Communicating Verbally

I love to read and I love words! Reading relaxes me and helps me forget for a while the pressures of the day. It’s what satisfies my desire to learn as much as I can. It’s what helps me share the experiences of others as they live their lives. Words take me along the John Galt Line at100 miles per hour, they help me understand complex metaphysical ideas and they let me begin to understand what it was like for Eleanor Roosevelt to be a First Lady.

Those words, whether written or spoken, are our verbal communication. We communicate by our word choice, our grammatical skills and the statements we make. However, it’s important to remember is that the meaning isn’t in the words themselves, but in our perception of the word’s meaning.


Try this short exercise

Write the following words on a piece of paper –

“a few,” “many,” “none,” “some,” “frequently,” “often,” “several,” “lots,” “a bunch,” “not many”

Now, write down how many each of those words represents.

For example, does “a few” mean 5?

Go ahead and try it before you read further.


How Was It?

That was probably more difficult than it seemed, wasn’t it? In addition, if you compare your answers with others, you’ll find very little agreement as to the definitions. You might think that “a few” is 5, but I might think that it’s only 3. The reason we have such difficulty agreeing is that words have no absolute meaning in themselves.Their meaning is determined by the communicators.


More Than One Meaning

Remember when you were in elementary school and wanted to know the meaning of a word? The teacher told you to look it up. However, what you quickly discovered was that while you were looking for one meaning, you got several. There was/is no absolute meaning. A “rose” can be a flower, something that resembles a rose such as the rosette on a shoe, a form in which diamonds are cut, or a color, among other definitions. However, the confusion doesn’t stop there. There are also the connotative or emotional meanings of words that have to be taken into consideration. For a person who has allergies, “rose” may mean suffering. If your favorite aunt’s name is Rose, then it will mean something else to you as you remember her kindnesses. So, it isn’t the word that contains meaning, but your reaction, response and experience that does.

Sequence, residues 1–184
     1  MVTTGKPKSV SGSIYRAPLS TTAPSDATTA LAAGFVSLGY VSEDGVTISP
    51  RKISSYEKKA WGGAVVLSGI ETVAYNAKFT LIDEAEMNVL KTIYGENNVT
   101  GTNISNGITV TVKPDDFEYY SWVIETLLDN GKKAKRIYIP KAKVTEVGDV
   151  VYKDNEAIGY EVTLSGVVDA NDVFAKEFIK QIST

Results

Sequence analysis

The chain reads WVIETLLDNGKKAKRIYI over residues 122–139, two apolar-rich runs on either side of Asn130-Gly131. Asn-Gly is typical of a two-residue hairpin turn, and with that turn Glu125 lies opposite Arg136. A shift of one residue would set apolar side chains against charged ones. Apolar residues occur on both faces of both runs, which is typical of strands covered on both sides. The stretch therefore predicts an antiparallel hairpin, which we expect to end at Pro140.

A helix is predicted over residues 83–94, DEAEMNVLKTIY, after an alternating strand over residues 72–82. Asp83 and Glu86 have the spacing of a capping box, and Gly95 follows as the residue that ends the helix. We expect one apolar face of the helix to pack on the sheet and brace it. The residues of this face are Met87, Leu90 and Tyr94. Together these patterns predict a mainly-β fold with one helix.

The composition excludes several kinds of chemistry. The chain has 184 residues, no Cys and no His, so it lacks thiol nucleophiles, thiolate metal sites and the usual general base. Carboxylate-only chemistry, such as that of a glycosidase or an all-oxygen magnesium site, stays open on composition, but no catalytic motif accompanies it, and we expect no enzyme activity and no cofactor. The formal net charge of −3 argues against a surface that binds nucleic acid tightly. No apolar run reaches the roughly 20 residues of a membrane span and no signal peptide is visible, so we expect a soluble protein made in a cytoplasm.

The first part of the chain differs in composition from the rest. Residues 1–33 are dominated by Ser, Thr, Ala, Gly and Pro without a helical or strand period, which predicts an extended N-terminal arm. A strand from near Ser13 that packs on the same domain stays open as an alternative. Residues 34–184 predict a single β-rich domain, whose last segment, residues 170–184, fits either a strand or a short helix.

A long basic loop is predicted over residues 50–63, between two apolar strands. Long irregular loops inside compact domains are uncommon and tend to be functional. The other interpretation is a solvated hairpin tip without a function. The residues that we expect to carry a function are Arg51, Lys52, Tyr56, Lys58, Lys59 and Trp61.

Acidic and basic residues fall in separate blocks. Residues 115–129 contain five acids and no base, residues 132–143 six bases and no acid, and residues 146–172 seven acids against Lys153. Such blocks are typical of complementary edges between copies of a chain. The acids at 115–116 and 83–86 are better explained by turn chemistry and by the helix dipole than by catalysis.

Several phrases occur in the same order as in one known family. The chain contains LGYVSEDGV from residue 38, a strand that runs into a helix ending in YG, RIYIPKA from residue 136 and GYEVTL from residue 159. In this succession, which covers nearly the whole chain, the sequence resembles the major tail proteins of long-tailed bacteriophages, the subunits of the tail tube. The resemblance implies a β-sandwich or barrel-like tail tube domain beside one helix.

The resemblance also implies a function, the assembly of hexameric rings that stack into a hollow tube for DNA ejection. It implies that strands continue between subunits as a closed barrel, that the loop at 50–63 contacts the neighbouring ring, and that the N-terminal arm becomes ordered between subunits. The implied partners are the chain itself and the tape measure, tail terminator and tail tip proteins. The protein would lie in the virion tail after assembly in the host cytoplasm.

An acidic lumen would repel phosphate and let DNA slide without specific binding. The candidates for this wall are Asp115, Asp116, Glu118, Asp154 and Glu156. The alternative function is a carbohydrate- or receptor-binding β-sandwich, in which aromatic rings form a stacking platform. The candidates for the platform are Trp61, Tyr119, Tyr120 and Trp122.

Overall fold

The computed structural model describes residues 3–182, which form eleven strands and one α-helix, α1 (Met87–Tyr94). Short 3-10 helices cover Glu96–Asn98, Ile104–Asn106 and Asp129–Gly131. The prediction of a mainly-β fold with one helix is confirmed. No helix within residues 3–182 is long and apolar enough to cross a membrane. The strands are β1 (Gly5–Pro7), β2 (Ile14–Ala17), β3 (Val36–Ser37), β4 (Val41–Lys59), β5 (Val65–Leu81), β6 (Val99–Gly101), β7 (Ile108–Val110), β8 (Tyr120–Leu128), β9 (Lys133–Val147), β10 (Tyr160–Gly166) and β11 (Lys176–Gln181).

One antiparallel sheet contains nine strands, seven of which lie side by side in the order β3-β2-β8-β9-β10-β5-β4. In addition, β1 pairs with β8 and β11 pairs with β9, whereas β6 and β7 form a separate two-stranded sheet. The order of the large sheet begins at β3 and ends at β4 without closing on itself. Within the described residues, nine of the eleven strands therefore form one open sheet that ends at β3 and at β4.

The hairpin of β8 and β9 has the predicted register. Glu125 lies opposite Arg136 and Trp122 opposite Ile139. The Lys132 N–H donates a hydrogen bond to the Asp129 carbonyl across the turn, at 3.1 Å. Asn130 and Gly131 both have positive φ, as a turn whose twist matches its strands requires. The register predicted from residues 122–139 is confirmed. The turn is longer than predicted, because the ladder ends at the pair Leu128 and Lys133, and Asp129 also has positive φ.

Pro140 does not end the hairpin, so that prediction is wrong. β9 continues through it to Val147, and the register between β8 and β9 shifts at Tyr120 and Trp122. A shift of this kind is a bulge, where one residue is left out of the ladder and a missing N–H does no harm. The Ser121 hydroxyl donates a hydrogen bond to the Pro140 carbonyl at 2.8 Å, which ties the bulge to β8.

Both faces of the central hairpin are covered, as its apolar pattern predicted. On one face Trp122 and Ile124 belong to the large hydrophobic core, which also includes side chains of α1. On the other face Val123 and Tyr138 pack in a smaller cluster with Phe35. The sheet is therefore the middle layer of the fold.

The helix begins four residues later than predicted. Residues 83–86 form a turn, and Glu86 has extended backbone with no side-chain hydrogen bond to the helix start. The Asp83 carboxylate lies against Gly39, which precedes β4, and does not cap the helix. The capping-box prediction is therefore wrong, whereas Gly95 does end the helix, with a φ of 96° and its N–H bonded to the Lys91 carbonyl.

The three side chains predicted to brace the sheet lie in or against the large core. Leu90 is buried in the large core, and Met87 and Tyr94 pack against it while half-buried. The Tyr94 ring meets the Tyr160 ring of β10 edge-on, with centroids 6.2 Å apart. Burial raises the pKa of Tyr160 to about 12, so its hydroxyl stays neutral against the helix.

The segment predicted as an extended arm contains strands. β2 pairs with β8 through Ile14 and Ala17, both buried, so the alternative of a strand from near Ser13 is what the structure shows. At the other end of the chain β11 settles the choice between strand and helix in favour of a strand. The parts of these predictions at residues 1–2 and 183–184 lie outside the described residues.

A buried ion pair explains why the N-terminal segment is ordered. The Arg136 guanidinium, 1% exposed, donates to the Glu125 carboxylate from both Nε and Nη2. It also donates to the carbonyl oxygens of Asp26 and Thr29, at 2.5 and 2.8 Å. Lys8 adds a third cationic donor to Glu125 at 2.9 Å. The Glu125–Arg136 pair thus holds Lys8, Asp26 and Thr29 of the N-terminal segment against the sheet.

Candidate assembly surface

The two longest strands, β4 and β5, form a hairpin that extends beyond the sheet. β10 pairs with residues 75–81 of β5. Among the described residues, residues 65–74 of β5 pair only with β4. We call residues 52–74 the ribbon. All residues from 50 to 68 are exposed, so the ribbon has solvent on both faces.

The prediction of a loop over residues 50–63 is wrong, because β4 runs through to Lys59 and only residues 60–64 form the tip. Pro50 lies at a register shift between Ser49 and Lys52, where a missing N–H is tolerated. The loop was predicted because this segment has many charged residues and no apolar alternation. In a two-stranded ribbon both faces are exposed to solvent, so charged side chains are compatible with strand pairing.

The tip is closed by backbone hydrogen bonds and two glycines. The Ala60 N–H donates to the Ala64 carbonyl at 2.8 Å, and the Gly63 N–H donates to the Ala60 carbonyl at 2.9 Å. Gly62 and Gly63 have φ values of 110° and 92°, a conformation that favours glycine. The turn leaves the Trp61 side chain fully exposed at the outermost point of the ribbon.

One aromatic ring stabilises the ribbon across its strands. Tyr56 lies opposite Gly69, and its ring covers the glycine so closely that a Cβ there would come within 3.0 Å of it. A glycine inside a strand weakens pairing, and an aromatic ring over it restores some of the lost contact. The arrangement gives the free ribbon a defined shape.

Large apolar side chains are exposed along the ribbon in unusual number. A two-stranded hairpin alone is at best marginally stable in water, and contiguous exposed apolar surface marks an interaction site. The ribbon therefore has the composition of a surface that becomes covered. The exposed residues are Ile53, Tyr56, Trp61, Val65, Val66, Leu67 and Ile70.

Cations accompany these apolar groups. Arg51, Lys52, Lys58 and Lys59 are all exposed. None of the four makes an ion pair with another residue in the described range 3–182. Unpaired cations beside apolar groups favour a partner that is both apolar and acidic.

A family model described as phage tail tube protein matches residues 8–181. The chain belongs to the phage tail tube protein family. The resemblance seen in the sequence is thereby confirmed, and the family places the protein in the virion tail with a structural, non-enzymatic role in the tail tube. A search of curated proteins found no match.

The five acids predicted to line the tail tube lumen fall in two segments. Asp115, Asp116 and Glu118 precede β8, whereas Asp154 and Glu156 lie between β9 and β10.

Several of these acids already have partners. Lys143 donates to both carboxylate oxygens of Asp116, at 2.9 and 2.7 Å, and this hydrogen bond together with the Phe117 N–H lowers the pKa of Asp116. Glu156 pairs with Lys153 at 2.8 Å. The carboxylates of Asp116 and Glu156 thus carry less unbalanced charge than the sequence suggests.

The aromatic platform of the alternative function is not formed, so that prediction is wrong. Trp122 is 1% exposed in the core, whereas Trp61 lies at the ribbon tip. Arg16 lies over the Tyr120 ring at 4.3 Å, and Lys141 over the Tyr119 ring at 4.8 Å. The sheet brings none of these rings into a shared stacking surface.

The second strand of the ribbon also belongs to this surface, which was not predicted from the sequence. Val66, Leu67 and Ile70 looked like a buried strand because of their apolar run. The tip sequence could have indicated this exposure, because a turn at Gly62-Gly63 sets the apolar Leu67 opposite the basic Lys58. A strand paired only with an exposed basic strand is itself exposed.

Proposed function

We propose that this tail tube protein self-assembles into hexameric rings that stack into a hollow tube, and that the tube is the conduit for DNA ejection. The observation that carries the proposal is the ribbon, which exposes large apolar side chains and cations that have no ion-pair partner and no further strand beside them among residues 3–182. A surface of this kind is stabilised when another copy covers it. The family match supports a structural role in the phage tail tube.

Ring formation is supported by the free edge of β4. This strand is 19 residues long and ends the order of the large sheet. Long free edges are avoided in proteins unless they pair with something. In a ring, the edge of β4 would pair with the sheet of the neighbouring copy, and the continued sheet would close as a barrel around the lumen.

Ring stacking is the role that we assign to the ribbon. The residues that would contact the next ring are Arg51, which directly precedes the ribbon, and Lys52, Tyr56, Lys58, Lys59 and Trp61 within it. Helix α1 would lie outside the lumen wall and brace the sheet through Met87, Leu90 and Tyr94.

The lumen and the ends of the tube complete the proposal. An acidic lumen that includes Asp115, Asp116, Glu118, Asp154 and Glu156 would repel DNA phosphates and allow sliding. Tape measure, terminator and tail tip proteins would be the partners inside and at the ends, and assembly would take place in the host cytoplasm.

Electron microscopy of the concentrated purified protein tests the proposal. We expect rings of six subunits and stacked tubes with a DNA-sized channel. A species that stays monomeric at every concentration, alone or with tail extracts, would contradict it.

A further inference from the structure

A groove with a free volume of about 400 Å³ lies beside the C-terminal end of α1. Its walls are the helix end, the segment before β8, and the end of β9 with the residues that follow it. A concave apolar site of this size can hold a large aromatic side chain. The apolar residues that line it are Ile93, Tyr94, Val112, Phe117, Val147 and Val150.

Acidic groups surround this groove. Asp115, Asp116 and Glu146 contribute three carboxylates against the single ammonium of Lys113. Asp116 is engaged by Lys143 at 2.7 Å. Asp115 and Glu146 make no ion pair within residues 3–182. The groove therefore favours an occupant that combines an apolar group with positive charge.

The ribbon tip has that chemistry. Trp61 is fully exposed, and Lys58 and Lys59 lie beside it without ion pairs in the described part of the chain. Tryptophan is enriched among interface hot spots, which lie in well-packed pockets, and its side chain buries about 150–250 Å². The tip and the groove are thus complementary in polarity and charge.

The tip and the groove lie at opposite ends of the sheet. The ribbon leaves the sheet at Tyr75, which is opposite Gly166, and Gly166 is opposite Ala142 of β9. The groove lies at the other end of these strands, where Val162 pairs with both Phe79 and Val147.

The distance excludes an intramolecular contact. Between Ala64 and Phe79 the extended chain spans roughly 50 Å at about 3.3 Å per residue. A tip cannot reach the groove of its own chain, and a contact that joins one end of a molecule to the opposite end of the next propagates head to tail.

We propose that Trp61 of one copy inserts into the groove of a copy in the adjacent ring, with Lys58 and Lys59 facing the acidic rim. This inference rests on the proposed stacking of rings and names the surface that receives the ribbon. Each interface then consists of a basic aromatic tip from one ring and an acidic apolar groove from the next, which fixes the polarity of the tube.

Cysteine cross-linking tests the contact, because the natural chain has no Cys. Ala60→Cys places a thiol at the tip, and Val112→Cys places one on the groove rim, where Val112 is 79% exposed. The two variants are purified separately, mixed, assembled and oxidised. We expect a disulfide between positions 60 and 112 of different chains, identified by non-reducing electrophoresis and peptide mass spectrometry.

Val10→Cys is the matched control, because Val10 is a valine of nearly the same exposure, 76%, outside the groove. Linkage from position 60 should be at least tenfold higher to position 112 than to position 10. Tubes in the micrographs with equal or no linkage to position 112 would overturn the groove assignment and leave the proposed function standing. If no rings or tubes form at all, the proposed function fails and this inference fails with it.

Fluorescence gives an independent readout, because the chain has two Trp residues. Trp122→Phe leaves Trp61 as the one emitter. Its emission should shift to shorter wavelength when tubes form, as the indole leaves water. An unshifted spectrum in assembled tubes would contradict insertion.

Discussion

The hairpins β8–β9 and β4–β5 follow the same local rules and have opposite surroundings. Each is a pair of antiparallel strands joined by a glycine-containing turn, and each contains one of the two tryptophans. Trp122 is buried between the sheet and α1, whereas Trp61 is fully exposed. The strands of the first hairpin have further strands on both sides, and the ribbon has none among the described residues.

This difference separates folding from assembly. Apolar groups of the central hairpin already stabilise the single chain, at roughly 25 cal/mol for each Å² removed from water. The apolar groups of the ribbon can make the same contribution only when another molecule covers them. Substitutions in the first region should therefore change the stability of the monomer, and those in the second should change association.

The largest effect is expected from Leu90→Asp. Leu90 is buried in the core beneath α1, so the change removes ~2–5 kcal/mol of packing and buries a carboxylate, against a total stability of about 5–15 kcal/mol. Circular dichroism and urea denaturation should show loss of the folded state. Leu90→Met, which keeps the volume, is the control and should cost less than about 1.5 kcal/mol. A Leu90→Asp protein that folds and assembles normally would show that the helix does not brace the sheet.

Words can also reflect attitudes. Think for a moment. Do you generally use powerful or weak language? Most of us use a mixture of the 2 and that’s good. We adjust our words and language to the situation. However too many of us, especially women, use an over-abundance of powerless language.

For example, have you ever said, “I guess I thought that …” or “I think that maybe we could …”? If so, you’ve used a hedge that weakens what follows it.

Disclaimers can do the same thing. When you say, “I’m not sure I should bring it up, but …” or “You can reject this if you want to, but …” you are effectively negating what follows.

Exercise: How could you turn those phrases into stronger statements? Take a moment and write down your answers.


How Was It?

What did you do with the hedges? One way to sound more confident and authoritative is to replace the “I guess I thought that’s …” with a simple “I think that …” and the “I think that maybe we coulds …” with “We should …” As far as the disclaimers are concerned, you can eliminate them completely and simply make your point.


Get Rid of the Fillers

The fillers that sometimes clutter up our language, also make our verbal communication much less powerful that it could or should be. Do you have a lot of “uhs,” “you knows,” and “ands” in your speech? If so, it is interfering with your communication.

Here are a couple of ways to solve the problem.

One: To eliminate a bad habit, you first have to become aware that you’re doing it. If you can, have someone listen to you and signal each time you say “uh” or whatever your problem word or phrase is. (Mine used to be “okay.”) It will drive you crazy at first, but you’ll eventually become aware that you’re saying it. Only then can you eliminate it by changing your habit.

Two: Another technique is to try speaking for just 15 seconds without the filler word or phrase. Time yourself and see if you can do it. It’s harder than it seems. Once you’ve mastered 15 seconds, extend the time to 30 second then a minute and so on. Be warned, this can also be very frustrating, but eventually, you will have either greatly reduced the number of fillers you use or eliminated them completely.


Always Remember!

The words you choose to use say a lot about you and how you feel about the world. Choose them with care.


©2017, Say It Well! Permission is given to reprint this article if the following is included: Reprinted by permission of Dr. Candice M. Coleman. She can be reached at 636-724-3761.